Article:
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Leadership and the eurocrisis

After providing somewhat half-hearted coverage of the eurocrisis for months, focusing mostly on the Greek side of the story, Dutch media have apparently decided to follow it a bit closer. The tide of opinion seems to be turning – so slowly that it seems as if the journalists’ questions relate to events that took place six months or a year ago – when these questions would have been fresh and relevant. We start also hearing the voices  of experts who remind us that it is not only about the money but also about political union that remind us that the bargaining between leaders that has prolonged the agony of the crisis for the last year is not only about money, but also about political union (see Bernard’s appearances on premtime here, here and here  and our colleague Wim Voermans’s in Nieuwsuur here). Suddenly we hear from all sides – (see the interview with Ronald Plasterk) – that there is a lack of leadership and decisiveness from the leaders of the EU and especially from President Sarkozy and Chancellor Merkel. Already since the summer of 2010 I have been watching with incredulity the lack of political will to take decisive steps to deal with the crisis, so I sympathize. and yet…the hypocrisy of blaming it all on the German and French leaders begins to grind. Some questions come to mind:

First, where has Dutch leadership been for the last year and a half? The Prime Minister has made an art out of answering questions about the government’s reaction to the crisis as evasively as he can, while the Minister of Finance often leaves the impression that a proper response to the crisis must include insulting Greece or other European partners (his statements  offering to privatize Greek companies himself if the Greeks were not getting on with it come to mind). Of course we know that the political support of the PVV leaves this government little room for manoeuvre. But the same is true of Angela Merkel who has been constrained by the decision of the German Constitutional Court on the Constitutional Treaty for Europe (the Lisbon treaty).

The second question that follows from this is, can we blame the leaders for their essentially democratic leadership? Rutte takes into account his government’s precarious position, Merkel takes into account the constraints placed on her by the highest court of Germany and the German Constitution, as well as German public opinion, the Finnish government takes into account the opinion of the True Finns and their supporters and so on. Only here and there we see a prime minister like Iveta Radicova in Slovakia who was ready to put her government’s fate on the line for the euro. What we have seen is that, the intergovernmental bargaining between sovereign democracies contains countless veto points. the more democratic the decision method, the less likely that the leaders will come up quick and decisive solutions.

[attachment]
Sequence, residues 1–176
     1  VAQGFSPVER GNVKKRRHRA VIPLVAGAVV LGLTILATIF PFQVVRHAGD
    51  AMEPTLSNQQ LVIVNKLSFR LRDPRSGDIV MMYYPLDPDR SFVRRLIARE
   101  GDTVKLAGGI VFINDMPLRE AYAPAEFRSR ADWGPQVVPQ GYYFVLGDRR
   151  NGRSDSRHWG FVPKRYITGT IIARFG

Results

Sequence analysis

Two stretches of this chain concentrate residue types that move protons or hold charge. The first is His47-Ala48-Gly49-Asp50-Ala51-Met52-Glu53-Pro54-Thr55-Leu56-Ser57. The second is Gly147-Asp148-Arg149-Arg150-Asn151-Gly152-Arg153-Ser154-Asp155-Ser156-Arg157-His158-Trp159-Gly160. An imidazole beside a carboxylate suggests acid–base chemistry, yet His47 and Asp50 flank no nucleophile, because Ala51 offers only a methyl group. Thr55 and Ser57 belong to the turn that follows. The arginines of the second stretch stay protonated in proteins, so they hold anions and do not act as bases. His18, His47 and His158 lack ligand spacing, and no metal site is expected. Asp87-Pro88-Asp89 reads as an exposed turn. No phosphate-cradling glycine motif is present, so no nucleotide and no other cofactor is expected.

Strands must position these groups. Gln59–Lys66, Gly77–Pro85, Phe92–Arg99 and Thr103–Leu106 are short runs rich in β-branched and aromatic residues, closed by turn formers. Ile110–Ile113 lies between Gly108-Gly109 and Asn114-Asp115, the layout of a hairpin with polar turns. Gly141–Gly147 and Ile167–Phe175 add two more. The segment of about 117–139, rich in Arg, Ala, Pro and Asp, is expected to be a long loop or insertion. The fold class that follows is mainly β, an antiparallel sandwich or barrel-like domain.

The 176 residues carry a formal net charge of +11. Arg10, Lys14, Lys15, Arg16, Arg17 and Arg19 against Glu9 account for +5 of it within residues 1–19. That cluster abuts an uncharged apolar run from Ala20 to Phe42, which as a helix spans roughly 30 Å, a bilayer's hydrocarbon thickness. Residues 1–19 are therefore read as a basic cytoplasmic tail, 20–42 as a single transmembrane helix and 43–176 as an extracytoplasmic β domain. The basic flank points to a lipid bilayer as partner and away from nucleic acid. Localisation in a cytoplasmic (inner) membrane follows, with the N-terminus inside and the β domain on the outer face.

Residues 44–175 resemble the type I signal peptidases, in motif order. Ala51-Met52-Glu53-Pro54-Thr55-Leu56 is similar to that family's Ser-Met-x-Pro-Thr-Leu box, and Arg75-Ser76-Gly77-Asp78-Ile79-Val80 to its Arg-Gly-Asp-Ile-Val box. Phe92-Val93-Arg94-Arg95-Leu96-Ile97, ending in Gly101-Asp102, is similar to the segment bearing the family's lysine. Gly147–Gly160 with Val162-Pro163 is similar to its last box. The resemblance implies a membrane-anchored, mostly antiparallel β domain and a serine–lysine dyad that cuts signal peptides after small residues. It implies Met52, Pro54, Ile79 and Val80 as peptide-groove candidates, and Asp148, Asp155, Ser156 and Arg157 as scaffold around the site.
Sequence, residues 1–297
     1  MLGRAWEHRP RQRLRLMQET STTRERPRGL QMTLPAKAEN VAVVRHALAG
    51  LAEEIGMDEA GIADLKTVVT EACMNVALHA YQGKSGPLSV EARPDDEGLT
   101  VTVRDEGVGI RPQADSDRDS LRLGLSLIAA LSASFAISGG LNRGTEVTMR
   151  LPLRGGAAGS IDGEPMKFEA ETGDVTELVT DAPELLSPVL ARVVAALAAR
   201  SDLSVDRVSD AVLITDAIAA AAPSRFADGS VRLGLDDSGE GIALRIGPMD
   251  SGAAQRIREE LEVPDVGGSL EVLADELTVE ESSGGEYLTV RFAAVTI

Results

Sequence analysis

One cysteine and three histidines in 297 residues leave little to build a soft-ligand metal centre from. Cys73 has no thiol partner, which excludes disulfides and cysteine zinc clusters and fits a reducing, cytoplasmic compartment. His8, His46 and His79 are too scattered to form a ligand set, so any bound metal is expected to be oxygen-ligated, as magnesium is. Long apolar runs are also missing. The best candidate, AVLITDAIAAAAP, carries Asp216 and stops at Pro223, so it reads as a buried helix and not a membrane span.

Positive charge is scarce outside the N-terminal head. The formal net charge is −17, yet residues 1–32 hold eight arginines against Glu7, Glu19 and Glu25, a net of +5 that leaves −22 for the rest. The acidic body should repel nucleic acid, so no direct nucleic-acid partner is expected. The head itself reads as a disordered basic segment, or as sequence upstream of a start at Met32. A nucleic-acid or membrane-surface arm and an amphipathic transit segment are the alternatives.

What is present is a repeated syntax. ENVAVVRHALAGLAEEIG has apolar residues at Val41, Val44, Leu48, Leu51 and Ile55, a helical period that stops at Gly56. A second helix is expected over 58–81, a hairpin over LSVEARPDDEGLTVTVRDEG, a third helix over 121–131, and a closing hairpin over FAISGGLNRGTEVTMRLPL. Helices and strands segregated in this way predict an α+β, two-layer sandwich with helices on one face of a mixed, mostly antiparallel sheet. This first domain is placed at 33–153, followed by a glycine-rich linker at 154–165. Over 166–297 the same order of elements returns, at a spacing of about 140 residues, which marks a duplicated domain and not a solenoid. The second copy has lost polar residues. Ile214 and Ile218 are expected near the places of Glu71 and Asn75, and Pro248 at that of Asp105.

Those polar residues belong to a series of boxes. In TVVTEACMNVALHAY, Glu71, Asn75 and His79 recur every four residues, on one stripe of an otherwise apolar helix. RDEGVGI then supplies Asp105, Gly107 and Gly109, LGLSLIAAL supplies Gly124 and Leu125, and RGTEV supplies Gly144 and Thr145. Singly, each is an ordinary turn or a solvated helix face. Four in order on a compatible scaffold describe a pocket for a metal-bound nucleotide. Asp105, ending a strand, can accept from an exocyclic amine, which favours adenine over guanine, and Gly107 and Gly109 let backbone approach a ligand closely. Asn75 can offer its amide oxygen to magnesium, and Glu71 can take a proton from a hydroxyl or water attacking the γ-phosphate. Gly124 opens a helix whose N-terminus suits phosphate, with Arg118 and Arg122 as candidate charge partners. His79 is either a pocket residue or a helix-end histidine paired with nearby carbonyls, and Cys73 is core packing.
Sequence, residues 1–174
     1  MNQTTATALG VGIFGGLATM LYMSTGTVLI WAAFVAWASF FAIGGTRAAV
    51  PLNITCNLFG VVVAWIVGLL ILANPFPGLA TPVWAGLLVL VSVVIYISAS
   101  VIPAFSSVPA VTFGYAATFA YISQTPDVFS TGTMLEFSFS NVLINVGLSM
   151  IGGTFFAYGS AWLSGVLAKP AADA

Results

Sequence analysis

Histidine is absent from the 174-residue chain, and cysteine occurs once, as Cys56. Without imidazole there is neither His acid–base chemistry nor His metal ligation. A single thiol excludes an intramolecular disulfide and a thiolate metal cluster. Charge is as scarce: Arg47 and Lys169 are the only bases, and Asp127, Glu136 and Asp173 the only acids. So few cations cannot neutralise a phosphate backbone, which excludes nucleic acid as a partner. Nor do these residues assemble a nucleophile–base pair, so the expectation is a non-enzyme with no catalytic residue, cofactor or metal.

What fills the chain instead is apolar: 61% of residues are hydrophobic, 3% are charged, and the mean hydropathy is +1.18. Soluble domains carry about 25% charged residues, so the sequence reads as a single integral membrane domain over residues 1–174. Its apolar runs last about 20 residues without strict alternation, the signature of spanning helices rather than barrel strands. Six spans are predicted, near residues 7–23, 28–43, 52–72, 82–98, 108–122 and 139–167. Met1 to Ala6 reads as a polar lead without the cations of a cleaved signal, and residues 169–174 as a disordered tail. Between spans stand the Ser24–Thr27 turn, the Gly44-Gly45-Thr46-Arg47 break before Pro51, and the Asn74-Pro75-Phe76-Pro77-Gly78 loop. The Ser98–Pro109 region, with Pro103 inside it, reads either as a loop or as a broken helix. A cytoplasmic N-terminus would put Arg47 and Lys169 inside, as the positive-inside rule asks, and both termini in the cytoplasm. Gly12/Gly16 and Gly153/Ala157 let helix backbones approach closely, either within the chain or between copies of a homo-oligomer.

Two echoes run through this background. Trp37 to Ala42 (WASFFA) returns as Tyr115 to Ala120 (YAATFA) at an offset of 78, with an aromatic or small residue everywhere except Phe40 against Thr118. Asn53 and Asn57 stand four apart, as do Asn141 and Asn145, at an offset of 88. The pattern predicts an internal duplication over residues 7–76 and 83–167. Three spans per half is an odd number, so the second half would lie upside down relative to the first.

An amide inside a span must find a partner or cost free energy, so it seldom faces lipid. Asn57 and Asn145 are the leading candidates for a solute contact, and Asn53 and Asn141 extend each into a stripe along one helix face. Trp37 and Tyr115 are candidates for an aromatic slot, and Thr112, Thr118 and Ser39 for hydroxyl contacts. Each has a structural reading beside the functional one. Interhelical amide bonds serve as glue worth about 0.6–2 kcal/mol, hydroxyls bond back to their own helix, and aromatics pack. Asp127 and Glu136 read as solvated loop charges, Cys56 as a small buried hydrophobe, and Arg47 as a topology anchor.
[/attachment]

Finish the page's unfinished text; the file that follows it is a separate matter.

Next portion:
What is then to be done? The Spinelli group sees in developments a sign that it is time to move to a federalist solution or to apply the Monnet method and empower the Commission again. The problem is, the public remains skeptical of the EU – in the Netherlands, in Germany, in Finland…and here we come to the lack of leadership. As far as I am concerned, in the Netherlands we have had lack of leadership with regard to the EU for the last decade. During the economic boom, the good times, there was hardly any politician in this country to speak of the value of the European project, of the contribution of the EU to prosperity in the Netherlands or anywhere in Europe. Instead, we have had former Finance Minister Zalm hammering on about the Dutch contribution to the EU being too big – incidentally, a couple of years of statements that could not have passed unnoticed by the voters during the referendum on the Constitution for Europe. Talking about the EU – if politicians talked about the EU at all – has meant talking about money and it continues in this way today – the most recent example being Plasterk’s interview of last night when he asserted the PvDA would support a new package of rescue measures if it would work for the Netherlands financially. But continuing to try to make decisions on the basis of the cost-benefit calculations of today when the globalised markets change the situation by the hour will no longer work, neither in terms of getting a reliable idea of how much anyone would gain or lose or in terms of democratic process. We need a different attitude, from politicians and the public. We know from theory that in times of uncertainty, when the situation is too complex to calculate the best action, people lean back on norms and values to guide them in their decisions. So the real question is, do we believe that European Union should be saved? Do we believe in free movement of goods and persons, in free trade, in solidarity, in peace – all these things which the EU has stood for more than five decades, despite all its deficiencies and convoluted rules? This is what our leaders have to ask themselves now. And not be afraid to say what they stand for, regardless of what opinion polls tell them. This is what I would call leadership.

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